Jaime Solares, leader of the Bolivian Workers Central (COB) has declared, “The only hope we have is that the people take to the streets,” to ensure a law is not passed that only favours transnational corporations. Óscar Olivera announced that this week measures will be taken in Cochabamba, including marches to La Paz, blockades of the highways, and even the taking of natural gas wells. Román Loayza of the CSUTCB emphasizes the importance of the reunion planned for today in Santa Cruz, which he says will include social movements of various types in addition to the participation of the political parties, MAS and MIP (Indigenous Pachakuti Movement). CSUTCB is planning a march from Caracollo on the morning of Tuesday May 10, as well as numerous road blockades.
Also, in Cochabamba various groups of peasants, workers and coca growers have threatened to convulse the entire country this week, demanding the closing of Parliament and the rejection of the new law. The indigenous organization CONAMAQ, together with the women’s peasant-indigenous organization, the Bartolina Sisa Association, has decided to initiate road blockades, especially around the rights of indigenous people to veto natural gas development projects in their territories, a right earlier considered in Congress, but rejected in the law just approved by the lower house. In short, this week should be interesting, even if social movements are unable to carry out all of their extremely ambitious actions.
Imperial Discontent and the Worried Face of the Local Bourgeoisie
Of course, for transnational petroleum companies with interests in Bolivia, as for local bourgeoisies from various sectors, the new law is “confiscatory” and the threats by social movements threaten the “legal security” needed to attract foreign investment into the country. Since becoming Secretary of State of the United States in late January of this year, Condoleeza Rice has been highlighting the numerous threats posed in the Andean region of Latin America, with Venezuela under Chávez and the war in Colombia top priorities, followed thereafter by the recent mobilizations and ousting of a president last month in Ecuador, and the frightening popularity of the Movement Toward Socialism in Bolivia. This new law and the mobilizations it’s inspiring are not likely to make the American administration any happier.
US Treasury Department`s Assisant Secretary of International Affairs, Randal Quarles while unwilling to make an “official” statement while president Mesa was still deliberating over what action to take noted that if the law goes into effect, “it is a sure thing that the first measure would be the suspension of investments, at minimum while Bolivia continues this uncertainty.” He further pointed to the vulnerability of the Bolivian state in relation to the International Monetary fund (IMF), the World Bank, and the Inter-American Development Bank, all of which would be monitoring closely Bolivia’s action on natural gas, and would be considering their manipulation of lines of credit to the Bolivian state. In March, 2005 Mesa signed a Stand By loan with the IMF that promised to respect existing contracts and to develop an attractive environment for foreign investment.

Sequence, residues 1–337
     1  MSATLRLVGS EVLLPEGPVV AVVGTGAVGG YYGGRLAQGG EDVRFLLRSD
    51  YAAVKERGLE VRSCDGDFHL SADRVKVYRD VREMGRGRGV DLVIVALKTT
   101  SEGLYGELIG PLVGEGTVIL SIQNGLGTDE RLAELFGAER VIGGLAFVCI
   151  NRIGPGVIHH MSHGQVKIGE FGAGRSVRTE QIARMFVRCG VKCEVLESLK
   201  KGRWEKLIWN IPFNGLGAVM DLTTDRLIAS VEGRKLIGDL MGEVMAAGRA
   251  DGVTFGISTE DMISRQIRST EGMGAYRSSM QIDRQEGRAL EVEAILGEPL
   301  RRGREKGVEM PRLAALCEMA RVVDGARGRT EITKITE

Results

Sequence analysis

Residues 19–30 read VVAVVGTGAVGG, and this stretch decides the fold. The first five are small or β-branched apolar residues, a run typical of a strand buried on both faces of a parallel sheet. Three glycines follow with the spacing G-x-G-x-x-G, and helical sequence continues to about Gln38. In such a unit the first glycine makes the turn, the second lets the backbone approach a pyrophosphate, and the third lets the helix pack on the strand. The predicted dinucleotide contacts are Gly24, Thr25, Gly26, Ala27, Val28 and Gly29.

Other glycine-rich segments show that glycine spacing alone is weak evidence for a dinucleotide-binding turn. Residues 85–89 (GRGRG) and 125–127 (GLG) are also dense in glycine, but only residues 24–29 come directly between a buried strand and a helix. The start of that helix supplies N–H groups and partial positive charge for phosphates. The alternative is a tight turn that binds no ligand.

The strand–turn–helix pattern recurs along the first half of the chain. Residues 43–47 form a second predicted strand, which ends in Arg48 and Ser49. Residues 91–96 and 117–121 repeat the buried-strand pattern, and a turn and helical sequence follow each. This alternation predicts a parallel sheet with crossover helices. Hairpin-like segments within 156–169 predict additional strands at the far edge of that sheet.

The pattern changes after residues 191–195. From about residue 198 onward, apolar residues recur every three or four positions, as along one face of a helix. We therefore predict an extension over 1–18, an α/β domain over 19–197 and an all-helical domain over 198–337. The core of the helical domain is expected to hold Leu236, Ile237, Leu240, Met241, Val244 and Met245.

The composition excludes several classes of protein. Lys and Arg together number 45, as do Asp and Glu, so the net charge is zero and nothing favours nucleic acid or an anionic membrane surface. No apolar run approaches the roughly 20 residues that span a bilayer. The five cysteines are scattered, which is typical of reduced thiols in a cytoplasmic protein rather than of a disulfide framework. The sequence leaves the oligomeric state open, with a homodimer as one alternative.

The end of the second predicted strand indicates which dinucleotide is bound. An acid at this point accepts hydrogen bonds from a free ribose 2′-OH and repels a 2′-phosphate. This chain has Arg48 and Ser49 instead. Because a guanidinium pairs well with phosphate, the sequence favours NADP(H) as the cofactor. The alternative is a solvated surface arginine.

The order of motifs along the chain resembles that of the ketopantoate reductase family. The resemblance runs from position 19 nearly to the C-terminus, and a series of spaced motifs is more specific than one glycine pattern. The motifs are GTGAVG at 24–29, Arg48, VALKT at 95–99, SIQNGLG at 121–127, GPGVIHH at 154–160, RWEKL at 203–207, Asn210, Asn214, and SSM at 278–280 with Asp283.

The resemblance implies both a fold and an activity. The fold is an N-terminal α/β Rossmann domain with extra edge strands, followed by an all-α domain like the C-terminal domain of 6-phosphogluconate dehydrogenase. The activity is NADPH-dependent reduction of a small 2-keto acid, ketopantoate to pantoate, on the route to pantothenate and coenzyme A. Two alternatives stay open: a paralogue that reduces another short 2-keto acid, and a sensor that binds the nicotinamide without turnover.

Meanwhile, the Bolivian House of Hydrocarbons, the peek organization of the petroleum companies that operate within Bolivia, has threatened to stop their activities and investments in the country if this law is not vetoed by the President. The Confederation of Private Businesses of Bolivia has likewise come out strongly against the law, and has made clear that the social movement threats of mobilization threaten the “legal security” necessary for a healthy business environment. In the past this has been the not so subtle code-speech for the need for the state to bust heads if social movements mobilize and block roads.
The country’s deep injustices of class and racial apartheid are once again rising to the surface in a politicized moment. Confrontation and conflict seem likely to hold sway over the coming weeks.
Jeffery R. Webber is a PhD Candidate in Political Science at the University of Toronto and a member of the Canadian New Socialist Group. He is currently in Bolivia. With archives from La Razon, La Prensa, Pulso, and El Mundo. He can be reached at: firstname.lastname@example.org